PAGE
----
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The Fog of War: Censorship of Canada's Media in World War Two
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Norm Goldman


Reviewer & Author Interviewer, Norm Goldman. Norm is the Publisher & Editor of Bookpleasures.com.

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By Norm Goldman
Published on November 19, 2011
 

Author: Mark Bourrie

ISBN: 978-1-55365-949-5

Publisher: Douglas & McIntyre


Click Here To Purchase The Fog of War: Censorship of Canada's Media in World War II

Author: Mark Bourrie

ISBN: 978-1-55365-949-5

Publisher: Douglas & McIntyre

Mark Bourrie's most recent tome,  The Fog of War: Censorship of Canada's Media in World War Two is an exhaustive researched and fascinating study of the Government of Canada's censorship during World War II. As Bourrie mentions in his introduction, there were two principal reasons for censoring the news: to keep military and economic secrets out of the hands the enemy, and to prevent civilian morale from breaking down.

It appeared on paper that the Canadian censorship system, backed by the War Measures Act, was among the most draconian media-controlled mechanisms among the Allied countries. However, as we discover, only the fringe Communist Party and ethnic presses suffered serious penalties. In fact, Prime Minister Mackenzie King and his cabinet played games when they ignored pro-Nazi and pro-Vichy forces in some of Quebec press while on the other hand sometimes strictly enforced censorship upon the pro-Conservative Montreal Gazette and Globe and Mail.

Realizing what was happening, the French-language press as Le Devoir, L'Action catholique, and L'Événement-Journal outrageously ran amok in publishing blatant anti-Semitic and pro-Vichy articles, even singing the praises of Mussolini and Franco. Unbelievable as it may seem today, Federal justice minister Louis St. Laurent and his deputy were very quick to approve prosecutions and warnings for the press outside of Quebec but generally turned a blind eye to the despicable behavior of some of the French-language newspapers and magazines within the province. On the other hand, there were times when press censors, backed by a few Ottawa mandarins, often acted with courage to protect some of the rights of vulnerable people as the Japanese Canadians even though the media, governments, many of the churches, and most of the public supported the mistreatment of these vulnerable people.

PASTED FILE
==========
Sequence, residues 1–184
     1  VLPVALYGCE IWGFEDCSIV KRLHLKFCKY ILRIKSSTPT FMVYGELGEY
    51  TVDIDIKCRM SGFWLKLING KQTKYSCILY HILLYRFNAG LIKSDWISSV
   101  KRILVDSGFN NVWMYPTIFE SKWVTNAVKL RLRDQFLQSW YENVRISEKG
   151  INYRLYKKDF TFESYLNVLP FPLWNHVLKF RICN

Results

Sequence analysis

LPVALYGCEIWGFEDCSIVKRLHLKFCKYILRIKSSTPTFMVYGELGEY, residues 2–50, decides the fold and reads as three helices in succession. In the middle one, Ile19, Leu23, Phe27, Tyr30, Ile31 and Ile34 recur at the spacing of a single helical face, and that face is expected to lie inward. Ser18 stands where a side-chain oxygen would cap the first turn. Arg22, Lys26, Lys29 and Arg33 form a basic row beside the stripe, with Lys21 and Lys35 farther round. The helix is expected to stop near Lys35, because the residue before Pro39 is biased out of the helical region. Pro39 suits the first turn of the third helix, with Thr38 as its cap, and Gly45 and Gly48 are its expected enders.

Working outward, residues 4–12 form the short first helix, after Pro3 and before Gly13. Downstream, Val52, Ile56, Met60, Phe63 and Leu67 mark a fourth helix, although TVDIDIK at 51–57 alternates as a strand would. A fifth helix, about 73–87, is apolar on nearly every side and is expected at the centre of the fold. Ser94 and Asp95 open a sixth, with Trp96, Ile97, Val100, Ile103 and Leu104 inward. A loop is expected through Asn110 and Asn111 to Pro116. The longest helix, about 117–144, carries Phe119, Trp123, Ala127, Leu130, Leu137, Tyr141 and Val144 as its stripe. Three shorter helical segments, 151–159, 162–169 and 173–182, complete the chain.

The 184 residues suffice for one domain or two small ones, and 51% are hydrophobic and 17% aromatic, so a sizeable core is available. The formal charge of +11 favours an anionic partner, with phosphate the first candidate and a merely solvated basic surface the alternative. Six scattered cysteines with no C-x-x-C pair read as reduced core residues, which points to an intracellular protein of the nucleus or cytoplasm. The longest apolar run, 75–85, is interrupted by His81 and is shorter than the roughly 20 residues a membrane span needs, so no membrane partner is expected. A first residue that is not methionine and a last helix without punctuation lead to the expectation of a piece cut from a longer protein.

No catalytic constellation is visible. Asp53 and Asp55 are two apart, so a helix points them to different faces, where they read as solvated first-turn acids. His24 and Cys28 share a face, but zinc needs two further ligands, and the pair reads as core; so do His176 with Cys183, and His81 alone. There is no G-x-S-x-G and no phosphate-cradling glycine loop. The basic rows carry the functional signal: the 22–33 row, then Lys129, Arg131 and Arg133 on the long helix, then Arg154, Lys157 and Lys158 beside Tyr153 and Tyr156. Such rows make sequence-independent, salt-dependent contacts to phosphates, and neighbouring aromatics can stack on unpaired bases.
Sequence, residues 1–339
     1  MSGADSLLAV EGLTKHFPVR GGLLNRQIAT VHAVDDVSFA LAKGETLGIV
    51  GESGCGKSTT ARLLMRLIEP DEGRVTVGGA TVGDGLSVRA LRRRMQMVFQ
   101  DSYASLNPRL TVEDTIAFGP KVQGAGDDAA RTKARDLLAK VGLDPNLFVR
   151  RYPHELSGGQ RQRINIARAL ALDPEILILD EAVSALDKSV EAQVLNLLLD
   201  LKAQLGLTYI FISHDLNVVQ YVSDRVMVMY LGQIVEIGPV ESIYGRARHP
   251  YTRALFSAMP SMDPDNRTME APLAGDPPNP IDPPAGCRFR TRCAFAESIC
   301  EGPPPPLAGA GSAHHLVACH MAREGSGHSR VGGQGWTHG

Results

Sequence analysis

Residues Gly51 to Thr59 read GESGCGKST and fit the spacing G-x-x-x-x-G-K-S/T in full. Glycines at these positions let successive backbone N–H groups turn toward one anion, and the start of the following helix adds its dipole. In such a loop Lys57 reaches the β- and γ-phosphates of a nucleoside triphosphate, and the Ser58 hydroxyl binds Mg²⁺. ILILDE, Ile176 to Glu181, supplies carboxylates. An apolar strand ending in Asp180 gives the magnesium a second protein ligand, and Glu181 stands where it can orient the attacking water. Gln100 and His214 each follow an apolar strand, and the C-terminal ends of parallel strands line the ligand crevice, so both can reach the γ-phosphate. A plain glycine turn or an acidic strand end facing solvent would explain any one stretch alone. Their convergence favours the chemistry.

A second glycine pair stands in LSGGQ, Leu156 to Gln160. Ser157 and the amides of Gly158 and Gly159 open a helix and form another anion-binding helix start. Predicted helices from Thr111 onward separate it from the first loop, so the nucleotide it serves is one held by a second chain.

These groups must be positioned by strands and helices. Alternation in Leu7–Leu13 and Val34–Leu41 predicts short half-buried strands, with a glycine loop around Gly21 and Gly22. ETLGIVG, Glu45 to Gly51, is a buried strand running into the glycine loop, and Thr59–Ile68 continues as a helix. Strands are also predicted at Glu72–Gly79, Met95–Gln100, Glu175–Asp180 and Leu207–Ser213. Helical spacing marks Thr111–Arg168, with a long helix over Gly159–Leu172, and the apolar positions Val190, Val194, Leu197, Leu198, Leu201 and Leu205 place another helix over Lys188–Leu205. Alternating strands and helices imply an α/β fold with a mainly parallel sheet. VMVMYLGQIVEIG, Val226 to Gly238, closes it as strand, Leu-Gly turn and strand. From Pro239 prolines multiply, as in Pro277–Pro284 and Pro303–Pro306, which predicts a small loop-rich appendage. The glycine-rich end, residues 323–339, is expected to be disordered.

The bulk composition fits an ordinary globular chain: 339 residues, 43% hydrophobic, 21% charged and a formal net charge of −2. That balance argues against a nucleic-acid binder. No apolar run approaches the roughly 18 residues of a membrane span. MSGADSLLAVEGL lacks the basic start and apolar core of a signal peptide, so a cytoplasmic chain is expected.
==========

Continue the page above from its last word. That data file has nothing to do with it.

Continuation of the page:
After giving us an overview of the genesis of the World War II censorship system in Canada, The Fog of War proceeds to convey a vast amount of detail exploring some of the sensitive issues that often ended up in a collision course between the Canadian government under the leadership of Mackenzie King, the bureaucrats and the press. All of this information was a result of the author's meeting with the late Fulgence Charpentier, Canada's last director of censorship. Apparently, according to Bourrie, it was Charpentier that carefully packed the voluminous records of the Directorate of Censorship in 1946 and hid them away in Canada's National Archives. As Bourrie further recounts, in 1998 Charpentier informed him about these records and hinted at some of the most interesting parts. And interesting they are particularly when we learn more about the U-boats attacks off the St Lawrence River near Quebec, the Battle of the Atlantic, the spy games in the Maritime provinces, naval war censorship and the killing of some of the most dramatic local stories of the war, censorship and the Quebec media, the Hong Kong cover-up where thousands of soldiers were killed or taken prisoner by the Japanese, the Battle of Bowmanville and the shackling of German prisoners in Canada, front lines's censorship, censorship of the Japanese-Canadian press, balloon bombs and atomic bombs, and the conscription issue wherein the King government spent a good part of the war walking on eggs on it.

Although, as Bourrie concludes, the censorship might have failed in Quebec and in several crisis in English Canada, nonetheless, it was still better than World War One's nasty, politically motivated system. As he further states: “The World War Two censors had a healthy respect for liberty, one that showed in their treatment of Tommy Shoyama and in their six-year defense of the voluntary censorship system. Their insistence on fairness and their fight for freedom of the press reflected well on them and on Canada at a time when liberty faced its greatest modern challenge.”

One gripe I do have about this book is that it is in dire need of a good proof-reader and at times I had difficulty in following the historical sequence of events. In addition, as I am not an historian nor do I claim to have any profound knowledge of Canadian history during World War II, I cannot comment on the accuracy of some of the details that are mentioned in the book. I will have to leave this up to the experts. However, it did prod me to do some research concerning some of the topics which I hope to do in the near future.

Mark Bourrie is the author of ten non-fiction books. He has a PhD in History from the University of Ottawa and a Master's in Journalism from Carleton University.

Click Here To Purchase The Fog of War: Censorship of Canada's Media in World War II